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December 27, 2018

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Dallas is a sprawling urban environment but they have embraced light rail.

Add my name to the volumes who are ignorant. Dave Parish

I voted for light rail, then hated it as it was being built, but now love it again.

I went without a car for six months July to December using both light rail and buses. There were bottom feeders on both but I never felt uncomfortable. I suppose middle class types might feel uncomfortable and the car centric metro Phoenix doesn’t allow for much human interaction between people in general and different socioeconomic classes in particular.

The heat was simply overwhelming and on the buses the passengers badly abused the bus drivers. I don’t like to drive but there is no way I would live in Phoenix without a car.

Metro Phoenix is a sprawling, auto reliant place that has to die. Its problems run far deeper than insufficient light rail. The bottom feeders on the buses and light rail are so badly abused by the system it’s little wonder they act out.

The animals who run the state should be chained and frog marched in the middle of July from Phoenix to Florence.

I wonder how Phoenix would have fared with "sky trains" in the '89 Val Trans proposal, which was borrowed from Vancouver's famous system. My worsening memory seems to recall a hub (downtown) and five spokes radiating out from there. The cost sank the proposal just as it did Rio Salado. Sun City, in particular, voted overwhelmingly against it, which was predictable. https://www.phoenixnewtimes.com/news/valtrans-derailed-6412784

The larger problem is Phoenix with its weak core and low-density sprawl. It's hard to imagine another city less amenable to mass transit. Val Trans, I suspect, would have worked better than the current system if only because it would cover a lot more territory with greater speed.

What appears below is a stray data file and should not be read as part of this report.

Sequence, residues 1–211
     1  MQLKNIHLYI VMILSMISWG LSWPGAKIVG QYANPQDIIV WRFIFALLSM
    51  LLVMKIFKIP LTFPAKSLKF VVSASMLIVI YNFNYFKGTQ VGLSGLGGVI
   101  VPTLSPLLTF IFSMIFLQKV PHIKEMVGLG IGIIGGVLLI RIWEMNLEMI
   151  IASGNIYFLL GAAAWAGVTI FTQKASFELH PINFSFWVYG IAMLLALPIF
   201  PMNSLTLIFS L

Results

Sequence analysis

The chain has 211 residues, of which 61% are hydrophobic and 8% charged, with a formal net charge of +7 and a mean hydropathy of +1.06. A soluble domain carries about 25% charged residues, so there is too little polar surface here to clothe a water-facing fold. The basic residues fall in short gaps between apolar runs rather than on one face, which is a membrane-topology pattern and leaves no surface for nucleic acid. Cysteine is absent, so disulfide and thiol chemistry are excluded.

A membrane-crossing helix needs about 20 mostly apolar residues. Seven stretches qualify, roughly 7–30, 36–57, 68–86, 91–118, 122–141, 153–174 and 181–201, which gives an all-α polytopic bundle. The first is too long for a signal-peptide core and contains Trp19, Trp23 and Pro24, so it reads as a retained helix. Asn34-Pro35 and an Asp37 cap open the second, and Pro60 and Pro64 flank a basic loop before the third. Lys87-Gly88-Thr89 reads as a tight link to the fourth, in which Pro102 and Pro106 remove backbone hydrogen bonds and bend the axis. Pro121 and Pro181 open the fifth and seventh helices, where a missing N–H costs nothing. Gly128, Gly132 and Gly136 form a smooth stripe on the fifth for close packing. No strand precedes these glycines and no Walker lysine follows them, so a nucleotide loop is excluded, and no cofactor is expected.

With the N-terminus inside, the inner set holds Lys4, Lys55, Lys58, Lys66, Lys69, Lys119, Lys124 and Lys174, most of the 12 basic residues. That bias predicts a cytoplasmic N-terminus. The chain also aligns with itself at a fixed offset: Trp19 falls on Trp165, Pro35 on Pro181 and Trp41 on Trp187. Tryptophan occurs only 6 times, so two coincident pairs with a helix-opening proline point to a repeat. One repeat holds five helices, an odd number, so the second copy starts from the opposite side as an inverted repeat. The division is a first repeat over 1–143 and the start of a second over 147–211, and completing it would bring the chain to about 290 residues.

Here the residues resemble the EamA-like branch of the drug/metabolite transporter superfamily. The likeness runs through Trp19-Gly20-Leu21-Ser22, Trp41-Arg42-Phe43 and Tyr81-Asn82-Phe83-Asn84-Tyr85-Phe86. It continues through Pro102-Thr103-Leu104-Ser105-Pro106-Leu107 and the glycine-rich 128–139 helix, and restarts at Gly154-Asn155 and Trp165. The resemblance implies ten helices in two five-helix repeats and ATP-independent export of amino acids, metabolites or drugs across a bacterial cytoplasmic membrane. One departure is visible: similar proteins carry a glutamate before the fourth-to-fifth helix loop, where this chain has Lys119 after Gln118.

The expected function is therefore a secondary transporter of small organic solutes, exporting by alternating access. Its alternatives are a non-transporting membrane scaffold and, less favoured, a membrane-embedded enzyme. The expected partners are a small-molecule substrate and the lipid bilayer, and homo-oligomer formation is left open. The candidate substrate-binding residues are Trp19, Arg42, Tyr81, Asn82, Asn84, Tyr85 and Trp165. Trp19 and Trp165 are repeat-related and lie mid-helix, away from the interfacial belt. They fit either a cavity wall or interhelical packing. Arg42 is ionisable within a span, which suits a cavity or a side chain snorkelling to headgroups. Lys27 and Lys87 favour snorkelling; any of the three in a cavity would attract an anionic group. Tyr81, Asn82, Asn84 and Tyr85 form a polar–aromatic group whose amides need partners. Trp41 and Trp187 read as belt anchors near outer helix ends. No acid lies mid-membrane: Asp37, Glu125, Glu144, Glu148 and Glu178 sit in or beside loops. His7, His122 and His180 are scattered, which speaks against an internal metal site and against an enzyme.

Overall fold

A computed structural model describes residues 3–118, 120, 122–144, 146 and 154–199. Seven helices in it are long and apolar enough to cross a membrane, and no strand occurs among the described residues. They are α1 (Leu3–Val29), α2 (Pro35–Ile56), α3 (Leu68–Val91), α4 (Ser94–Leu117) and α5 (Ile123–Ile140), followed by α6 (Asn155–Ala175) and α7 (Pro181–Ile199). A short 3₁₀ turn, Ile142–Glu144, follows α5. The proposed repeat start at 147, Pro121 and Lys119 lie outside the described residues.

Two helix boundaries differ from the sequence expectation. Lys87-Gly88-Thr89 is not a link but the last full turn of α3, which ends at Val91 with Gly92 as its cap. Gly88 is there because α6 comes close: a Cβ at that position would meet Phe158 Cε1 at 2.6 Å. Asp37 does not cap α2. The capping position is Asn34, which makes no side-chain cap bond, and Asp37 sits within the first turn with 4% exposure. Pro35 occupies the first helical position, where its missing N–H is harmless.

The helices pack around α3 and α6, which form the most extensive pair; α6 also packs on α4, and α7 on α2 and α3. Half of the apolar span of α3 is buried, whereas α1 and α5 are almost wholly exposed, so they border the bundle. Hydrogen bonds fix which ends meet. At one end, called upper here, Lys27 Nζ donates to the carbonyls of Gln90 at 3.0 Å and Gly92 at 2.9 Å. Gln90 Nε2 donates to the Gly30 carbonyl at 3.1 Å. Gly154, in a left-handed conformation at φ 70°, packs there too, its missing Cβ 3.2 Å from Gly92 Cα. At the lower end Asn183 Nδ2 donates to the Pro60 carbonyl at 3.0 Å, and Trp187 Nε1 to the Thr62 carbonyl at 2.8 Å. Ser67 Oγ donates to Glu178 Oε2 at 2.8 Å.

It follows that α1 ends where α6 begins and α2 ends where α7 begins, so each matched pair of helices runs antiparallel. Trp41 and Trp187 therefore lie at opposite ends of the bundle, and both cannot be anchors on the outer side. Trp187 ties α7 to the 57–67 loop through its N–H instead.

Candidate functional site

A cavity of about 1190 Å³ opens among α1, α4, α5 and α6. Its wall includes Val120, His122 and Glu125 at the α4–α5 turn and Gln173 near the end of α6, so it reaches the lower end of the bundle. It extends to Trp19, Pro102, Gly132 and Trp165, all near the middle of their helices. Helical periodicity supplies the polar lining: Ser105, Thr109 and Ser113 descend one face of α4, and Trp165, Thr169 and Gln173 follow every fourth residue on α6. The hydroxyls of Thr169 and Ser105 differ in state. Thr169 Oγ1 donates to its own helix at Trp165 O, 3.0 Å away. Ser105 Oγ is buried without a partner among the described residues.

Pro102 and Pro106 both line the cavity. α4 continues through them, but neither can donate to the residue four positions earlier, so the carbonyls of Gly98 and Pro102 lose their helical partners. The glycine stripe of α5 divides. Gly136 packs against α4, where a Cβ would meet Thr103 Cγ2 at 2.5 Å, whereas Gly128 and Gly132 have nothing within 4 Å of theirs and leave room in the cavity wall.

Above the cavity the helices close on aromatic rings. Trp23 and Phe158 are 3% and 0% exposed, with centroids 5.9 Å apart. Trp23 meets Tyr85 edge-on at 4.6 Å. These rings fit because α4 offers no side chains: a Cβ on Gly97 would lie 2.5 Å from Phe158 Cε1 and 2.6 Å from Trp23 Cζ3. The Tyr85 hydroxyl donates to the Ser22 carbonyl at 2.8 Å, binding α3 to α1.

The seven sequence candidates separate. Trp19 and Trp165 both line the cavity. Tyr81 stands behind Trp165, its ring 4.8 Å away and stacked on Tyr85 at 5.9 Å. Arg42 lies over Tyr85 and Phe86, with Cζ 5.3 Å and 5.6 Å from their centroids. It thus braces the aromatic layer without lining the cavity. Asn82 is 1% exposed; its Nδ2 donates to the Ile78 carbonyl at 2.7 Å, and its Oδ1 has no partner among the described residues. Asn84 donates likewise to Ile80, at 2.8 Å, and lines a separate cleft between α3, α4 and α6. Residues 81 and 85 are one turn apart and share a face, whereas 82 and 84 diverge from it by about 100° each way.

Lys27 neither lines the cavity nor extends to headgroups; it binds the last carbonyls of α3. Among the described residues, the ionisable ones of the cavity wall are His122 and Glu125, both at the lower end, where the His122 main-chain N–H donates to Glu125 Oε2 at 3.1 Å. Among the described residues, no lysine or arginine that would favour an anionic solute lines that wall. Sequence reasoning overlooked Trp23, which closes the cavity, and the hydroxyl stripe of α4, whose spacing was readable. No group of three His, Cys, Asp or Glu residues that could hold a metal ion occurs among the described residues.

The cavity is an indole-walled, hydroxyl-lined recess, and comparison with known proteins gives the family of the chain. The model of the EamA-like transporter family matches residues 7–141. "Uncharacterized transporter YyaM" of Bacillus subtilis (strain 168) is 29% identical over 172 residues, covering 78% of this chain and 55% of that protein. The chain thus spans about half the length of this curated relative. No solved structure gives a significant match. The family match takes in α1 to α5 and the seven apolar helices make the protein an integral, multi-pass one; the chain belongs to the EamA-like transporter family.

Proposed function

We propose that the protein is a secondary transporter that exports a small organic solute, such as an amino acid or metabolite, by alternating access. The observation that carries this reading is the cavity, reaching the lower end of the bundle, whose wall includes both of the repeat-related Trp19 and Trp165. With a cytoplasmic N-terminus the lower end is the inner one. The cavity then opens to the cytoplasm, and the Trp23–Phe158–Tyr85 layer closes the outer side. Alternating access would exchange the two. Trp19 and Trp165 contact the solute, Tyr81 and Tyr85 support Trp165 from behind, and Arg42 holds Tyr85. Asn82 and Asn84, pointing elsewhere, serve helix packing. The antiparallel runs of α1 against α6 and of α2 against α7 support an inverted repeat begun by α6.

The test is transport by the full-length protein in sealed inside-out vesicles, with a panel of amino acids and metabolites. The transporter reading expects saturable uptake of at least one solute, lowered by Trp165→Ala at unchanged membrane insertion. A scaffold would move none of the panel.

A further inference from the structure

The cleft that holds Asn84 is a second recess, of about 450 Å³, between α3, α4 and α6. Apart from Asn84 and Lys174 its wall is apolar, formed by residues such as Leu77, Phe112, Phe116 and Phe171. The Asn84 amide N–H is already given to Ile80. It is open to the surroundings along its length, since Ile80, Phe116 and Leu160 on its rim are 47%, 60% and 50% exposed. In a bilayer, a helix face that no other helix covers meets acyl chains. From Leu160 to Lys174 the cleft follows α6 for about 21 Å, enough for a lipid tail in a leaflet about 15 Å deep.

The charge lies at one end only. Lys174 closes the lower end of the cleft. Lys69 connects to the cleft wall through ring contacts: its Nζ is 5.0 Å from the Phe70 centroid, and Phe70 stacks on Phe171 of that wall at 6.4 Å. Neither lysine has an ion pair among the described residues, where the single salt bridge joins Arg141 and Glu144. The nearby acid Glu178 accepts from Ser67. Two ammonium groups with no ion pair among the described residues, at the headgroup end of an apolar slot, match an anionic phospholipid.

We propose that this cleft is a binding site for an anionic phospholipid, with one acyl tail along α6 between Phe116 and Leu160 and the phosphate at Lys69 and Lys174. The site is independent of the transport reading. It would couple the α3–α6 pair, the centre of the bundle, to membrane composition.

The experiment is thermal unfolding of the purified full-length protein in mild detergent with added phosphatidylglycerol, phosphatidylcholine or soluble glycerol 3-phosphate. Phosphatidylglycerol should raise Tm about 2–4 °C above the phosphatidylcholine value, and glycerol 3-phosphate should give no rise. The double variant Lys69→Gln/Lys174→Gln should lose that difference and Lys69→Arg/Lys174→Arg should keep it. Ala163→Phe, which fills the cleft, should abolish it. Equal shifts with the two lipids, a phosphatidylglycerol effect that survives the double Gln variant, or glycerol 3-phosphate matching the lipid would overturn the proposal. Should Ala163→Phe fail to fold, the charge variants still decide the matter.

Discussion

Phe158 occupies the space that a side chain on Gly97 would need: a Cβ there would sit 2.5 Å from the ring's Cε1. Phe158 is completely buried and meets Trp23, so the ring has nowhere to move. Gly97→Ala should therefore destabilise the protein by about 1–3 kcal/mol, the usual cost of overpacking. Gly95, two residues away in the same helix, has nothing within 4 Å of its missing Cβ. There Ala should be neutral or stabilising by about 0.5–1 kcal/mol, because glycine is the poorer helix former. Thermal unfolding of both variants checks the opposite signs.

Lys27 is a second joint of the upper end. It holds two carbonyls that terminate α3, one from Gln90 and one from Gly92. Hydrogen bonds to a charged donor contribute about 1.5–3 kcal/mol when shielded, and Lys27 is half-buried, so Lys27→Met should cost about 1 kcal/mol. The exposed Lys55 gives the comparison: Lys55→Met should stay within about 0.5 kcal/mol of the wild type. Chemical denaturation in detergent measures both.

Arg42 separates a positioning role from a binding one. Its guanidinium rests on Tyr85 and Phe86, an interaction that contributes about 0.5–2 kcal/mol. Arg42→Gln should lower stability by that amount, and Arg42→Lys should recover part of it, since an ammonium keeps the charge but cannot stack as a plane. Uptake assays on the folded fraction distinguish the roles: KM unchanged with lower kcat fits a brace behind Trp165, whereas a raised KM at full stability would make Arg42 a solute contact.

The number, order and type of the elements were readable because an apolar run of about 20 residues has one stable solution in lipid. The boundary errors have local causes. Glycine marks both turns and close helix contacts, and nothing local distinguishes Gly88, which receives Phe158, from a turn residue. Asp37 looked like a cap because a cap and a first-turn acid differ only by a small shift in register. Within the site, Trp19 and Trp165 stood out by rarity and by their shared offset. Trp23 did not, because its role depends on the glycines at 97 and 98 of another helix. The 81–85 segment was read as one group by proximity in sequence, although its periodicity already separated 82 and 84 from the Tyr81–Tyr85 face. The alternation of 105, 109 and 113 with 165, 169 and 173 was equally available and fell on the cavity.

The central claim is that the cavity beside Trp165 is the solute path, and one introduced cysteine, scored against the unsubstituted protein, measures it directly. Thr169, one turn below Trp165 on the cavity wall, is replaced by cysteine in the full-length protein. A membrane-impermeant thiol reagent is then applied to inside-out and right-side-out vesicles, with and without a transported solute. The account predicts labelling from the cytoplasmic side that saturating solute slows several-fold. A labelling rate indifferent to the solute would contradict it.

Phoenix light rail was a second-best application in a city hostile to any real solution for its drive-everywhere urban form. We built it you bastards but the worst bastards are the low density and hot temperatures.

That said, I'm glad it's there if only to give a large middle finger to the bastards in the real-estate industrial complex. Phoenix is a catastrophe in the making. It's fair to ask what the end game is for a city in one of the planet's most sizzling climates, where water resources are now imperiled by increasing temperatures, a worsening drought, and overpopulation.

Vancouver is well served by its sky trains along with its sprawling metroplex. The city proper has no freeways and is situated on a magnificent harbor, much like Seattle. Outside its city limits, it's rather less magical. If you could afford to live there, like my twin sister, you would be a fool to ever leave, which she did.

Ultimately, there's no ideal refuge from climate change. I moved to Portland because living in Phoenix felt almost like the impending doom in Neville Shute's On The Beach. But the last three summers in Portland have been hellish. I won't live to experience the worst of it but the writing is on the wall.


Read todays Republic by Allhands,
Pinal County is about to use a lot more water and that is worse than it sounds.

Link to Allhands' story here.

Jon has a good Seattle Times article in the Front pages

https://www.seattletimes.com/business/economy/after-the-events-of-2018-climate-change-should-be-our-biggest-priority/

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